Turning Science into Action and Crafting a Career that Works for You
An Interview with Dr Stuart Butchart, Chief Scientist at BirdLife International
In this conversation with Dr Stuart Butchart, Chief Scientist at BirdLife International, we talk about his fascinating career driving forward the conservation of birds and their habitats. Dr Butchart shares a wealth of advice for other conservationists with disabilities, and for anyone wishing to build a career in conservation science.
What inspired you to work in conservation?
I enjoyed travelling but was struck by the devastation of natural habitats. The first experience I had of conservation fieldwork was in the Atlantic forest in Paraguay, where 98% of the forest cover has been lost and what remains are isolated patches.
I remember reaching the forest edge after spending days deep in forest and looking out over a sea of devastation. The surrounding land had been clear-felled, with only a few isolated stumps and tree-trunks remaining. They looked like skeletons in an isolated landscape of arid pastureland, which grazing by cattle had left bereft of all its biodiversity.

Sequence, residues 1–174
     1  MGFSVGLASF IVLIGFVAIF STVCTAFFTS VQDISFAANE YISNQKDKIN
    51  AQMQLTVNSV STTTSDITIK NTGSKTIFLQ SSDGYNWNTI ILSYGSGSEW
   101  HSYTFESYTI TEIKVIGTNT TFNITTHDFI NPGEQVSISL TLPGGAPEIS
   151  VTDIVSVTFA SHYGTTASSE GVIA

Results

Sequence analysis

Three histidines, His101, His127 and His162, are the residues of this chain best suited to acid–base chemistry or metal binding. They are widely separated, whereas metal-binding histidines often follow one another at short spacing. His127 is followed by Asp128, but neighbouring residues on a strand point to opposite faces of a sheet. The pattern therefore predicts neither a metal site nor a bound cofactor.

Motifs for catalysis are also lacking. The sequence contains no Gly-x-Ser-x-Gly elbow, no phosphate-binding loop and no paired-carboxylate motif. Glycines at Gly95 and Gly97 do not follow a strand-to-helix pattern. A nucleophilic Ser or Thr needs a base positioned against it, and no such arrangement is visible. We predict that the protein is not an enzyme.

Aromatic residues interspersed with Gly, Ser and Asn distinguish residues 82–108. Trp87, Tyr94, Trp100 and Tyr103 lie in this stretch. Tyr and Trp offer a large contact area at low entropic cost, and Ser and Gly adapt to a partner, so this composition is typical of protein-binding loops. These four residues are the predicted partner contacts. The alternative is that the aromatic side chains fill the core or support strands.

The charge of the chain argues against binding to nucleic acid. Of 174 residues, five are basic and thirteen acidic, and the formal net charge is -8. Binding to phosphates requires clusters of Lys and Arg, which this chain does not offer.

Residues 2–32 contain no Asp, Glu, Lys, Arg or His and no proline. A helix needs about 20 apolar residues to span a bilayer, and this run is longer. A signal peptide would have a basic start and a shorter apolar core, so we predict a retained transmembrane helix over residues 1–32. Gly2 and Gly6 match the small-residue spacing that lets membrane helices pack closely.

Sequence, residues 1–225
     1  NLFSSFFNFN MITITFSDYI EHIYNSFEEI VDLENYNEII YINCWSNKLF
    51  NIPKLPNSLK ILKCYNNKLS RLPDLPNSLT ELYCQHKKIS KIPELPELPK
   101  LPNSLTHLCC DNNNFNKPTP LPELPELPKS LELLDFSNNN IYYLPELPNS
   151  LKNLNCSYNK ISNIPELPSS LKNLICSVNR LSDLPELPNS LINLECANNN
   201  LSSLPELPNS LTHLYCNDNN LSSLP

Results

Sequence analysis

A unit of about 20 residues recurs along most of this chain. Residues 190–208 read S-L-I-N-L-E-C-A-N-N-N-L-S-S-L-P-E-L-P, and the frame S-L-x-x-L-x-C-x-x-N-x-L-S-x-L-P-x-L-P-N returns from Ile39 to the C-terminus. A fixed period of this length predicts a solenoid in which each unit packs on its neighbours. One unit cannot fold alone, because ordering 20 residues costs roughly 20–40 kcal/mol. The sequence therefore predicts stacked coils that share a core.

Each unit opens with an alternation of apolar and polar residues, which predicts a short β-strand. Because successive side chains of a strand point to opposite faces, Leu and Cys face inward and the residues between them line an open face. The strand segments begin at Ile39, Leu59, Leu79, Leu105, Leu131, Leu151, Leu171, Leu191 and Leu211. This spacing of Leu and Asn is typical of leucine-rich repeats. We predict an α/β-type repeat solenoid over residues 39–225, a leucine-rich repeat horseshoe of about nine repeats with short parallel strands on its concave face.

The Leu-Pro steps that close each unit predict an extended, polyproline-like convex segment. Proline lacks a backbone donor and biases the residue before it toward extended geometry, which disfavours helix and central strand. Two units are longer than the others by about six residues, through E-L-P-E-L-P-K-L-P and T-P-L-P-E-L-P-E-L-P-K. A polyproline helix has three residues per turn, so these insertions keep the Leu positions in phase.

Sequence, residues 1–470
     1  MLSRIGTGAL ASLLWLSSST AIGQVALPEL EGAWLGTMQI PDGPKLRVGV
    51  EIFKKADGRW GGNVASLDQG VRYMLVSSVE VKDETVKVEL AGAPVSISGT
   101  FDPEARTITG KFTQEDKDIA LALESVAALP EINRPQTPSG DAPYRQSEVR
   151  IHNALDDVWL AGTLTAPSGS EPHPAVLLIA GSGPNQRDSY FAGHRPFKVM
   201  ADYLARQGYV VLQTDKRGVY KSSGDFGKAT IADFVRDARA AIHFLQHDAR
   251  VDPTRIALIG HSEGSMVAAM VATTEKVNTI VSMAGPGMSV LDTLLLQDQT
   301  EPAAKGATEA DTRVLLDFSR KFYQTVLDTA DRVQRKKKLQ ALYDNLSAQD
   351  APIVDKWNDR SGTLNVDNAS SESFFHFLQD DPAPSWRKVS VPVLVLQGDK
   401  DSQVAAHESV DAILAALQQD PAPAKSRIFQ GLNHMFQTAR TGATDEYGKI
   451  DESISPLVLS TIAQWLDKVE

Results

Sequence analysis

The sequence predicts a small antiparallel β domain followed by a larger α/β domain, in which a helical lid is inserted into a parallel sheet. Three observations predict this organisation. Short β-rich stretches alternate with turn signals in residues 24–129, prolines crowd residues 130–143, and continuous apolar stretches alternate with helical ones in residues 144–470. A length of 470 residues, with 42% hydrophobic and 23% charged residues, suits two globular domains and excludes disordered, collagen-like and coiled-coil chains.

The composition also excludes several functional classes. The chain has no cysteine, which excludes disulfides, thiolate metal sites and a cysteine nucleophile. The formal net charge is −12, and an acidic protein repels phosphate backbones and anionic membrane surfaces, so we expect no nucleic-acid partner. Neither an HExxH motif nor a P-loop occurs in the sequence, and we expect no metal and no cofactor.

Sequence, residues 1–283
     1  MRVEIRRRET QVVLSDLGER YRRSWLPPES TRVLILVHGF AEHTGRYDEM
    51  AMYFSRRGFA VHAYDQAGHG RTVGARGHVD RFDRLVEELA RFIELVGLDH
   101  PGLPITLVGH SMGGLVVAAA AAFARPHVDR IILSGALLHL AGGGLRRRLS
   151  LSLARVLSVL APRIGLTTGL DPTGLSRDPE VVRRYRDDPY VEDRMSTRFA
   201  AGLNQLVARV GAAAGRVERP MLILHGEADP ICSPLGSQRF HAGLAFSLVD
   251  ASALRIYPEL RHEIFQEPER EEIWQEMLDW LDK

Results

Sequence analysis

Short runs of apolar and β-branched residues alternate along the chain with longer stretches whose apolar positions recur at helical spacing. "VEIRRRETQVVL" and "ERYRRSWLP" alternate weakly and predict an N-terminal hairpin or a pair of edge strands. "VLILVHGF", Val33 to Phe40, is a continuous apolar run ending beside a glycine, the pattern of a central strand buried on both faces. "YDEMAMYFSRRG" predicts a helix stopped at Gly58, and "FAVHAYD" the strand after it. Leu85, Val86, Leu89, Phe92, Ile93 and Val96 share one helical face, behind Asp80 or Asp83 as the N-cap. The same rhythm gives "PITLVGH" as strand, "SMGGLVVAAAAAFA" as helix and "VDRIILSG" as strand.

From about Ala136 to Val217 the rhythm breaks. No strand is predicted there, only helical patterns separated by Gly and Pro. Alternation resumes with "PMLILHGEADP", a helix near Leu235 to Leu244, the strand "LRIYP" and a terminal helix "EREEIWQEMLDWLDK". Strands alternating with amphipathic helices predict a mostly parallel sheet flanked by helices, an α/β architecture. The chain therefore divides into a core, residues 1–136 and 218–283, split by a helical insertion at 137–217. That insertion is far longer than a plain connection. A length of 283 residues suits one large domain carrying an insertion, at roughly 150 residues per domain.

It really illustrated the damage that we are doing to the planet and the impact we are having on nature.
What key steps have you taken to build your conservation career?
I did a degree, a PhD and a postdoc. My academic background was not related to conservation directly – I worked on behavioural ecology.
However, during my undergraduate years, I hooked up with a bunch of other friends who were into birds and wildlife, and we organised expeditions to undertake biodiversity surveys in a number of developing countries, raising funds from charities and foundations, and working with counterparts in local institutions.
Create opportunities to explore your strengths and skills!